The schemes envisaged to boost the use of natural gas in Kerala are moving at a snail’s pace, despite the state being home to South India’s only LNG terminal. Data available with the Petroleum and Natural Gas Regulatory Board show the number of natural gas connections rose to 78 by November-end from 16 in the beginning of the financial year, although still remains the lowest in South India. Currently, Karnataka and Andhra Pradesh are in the forefront of adopting natural gas in South India.
After rolling out the city gas project last year, not a single CNG outlet was opened in the state to dispense fuel to vehicles. The time is ripe for Kerala to take advantage of the LNG terminal, in view of the reduction in Customs duty in the Budget (from 5 per cent to 2.5 per cent). “Currently, FACT and Kochi-Refinery are the largest consumers of natural gas in the state. LNG consumption at households and vehicles is yet to pick up momentum. All the new residential apartments in the state have the provision for natural gas connection. It is high time the government intervened to enhance the state’s LNG infrastructure,” said Kerala Chamber of Commerce and Industry chairman Raja Sethunath.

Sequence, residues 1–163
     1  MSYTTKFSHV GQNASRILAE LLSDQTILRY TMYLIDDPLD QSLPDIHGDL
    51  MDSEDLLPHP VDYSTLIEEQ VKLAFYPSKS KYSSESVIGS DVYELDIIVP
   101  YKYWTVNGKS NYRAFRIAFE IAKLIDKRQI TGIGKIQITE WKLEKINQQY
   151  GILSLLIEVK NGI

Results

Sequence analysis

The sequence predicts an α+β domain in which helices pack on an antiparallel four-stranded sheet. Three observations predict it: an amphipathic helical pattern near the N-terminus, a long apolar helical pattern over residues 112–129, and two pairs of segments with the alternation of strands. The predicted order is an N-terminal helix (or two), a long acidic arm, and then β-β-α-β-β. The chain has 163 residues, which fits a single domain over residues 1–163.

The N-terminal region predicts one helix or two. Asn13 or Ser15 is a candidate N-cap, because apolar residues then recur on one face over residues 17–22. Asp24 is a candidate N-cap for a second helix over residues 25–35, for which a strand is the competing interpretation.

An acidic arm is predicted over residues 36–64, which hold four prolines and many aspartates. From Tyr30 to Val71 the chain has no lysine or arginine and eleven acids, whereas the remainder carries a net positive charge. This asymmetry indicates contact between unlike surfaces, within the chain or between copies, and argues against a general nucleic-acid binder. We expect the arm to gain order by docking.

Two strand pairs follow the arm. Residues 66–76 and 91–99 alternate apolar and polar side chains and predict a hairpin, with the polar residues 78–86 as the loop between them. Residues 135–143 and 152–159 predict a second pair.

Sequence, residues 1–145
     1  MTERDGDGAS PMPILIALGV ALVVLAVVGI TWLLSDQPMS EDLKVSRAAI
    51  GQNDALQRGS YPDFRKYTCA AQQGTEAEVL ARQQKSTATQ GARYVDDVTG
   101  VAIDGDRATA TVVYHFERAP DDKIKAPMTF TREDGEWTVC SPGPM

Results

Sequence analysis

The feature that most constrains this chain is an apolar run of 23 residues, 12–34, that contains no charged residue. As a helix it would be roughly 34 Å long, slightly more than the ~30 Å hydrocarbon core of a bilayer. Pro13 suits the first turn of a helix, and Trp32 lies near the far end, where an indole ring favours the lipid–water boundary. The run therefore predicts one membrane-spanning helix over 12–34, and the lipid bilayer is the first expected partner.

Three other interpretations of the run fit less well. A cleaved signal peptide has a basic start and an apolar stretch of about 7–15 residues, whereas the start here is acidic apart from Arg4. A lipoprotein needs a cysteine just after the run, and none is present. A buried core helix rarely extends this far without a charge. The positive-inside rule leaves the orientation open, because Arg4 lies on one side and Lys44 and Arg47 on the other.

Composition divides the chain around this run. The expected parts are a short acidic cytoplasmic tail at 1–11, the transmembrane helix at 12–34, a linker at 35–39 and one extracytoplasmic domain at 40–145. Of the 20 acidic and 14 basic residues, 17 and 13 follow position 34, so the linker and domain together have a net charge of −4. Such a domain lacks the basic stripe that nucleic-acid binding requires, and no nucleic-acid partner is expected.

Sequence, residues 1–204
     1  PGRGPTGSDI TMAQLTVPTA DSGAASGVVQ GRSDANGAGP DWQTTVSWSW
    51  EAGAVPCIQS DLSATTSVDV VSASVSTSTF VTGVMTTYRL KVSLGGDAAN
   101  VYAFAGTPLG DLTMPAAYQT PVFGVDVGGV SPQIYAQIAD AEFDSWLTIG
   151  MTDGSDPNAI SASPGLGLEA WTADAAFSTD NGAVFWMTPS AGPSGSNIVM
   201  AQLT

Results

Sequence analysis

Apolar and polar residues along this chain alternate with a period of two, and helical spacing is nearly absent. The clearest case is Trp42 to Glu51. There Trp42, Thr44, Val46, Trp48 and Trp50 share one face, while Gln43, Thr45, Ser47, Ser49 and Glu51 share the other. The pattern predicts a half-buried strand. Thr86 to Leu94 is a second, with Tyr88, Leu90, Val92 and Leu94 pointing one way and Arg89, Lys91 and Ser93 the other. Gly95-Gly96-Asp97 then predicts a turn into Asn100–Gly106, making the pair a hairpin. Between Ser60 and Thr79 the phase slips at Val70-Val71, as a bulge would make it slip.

Currently, LNG accounts for 50 per cent of the gas demand in the country. “The issues pertaining to pipe laying by the PWD at Kalamassery have been resolved, and construction of CNG outlets at Kalamassery, Eloor, Kundannoor and Aluva is progressing. We expect to start work at two more stations soon,” said Ajay Pillai, deputy general manager of Indian Oil-Adani Gas, the implementing agency for the city gas project. Post-Budget, the government estimates LNG would become price-competitive. According to experts, states like Kerala should effectively utilise the opportunity. “The reduction of Customs duty is a positive move. Since the KG-D6 deal has turned out to be a damp squib, the country will increasingly be dependent on import to meet its LNG demand,” said energy analyst Sudha Mahalingam.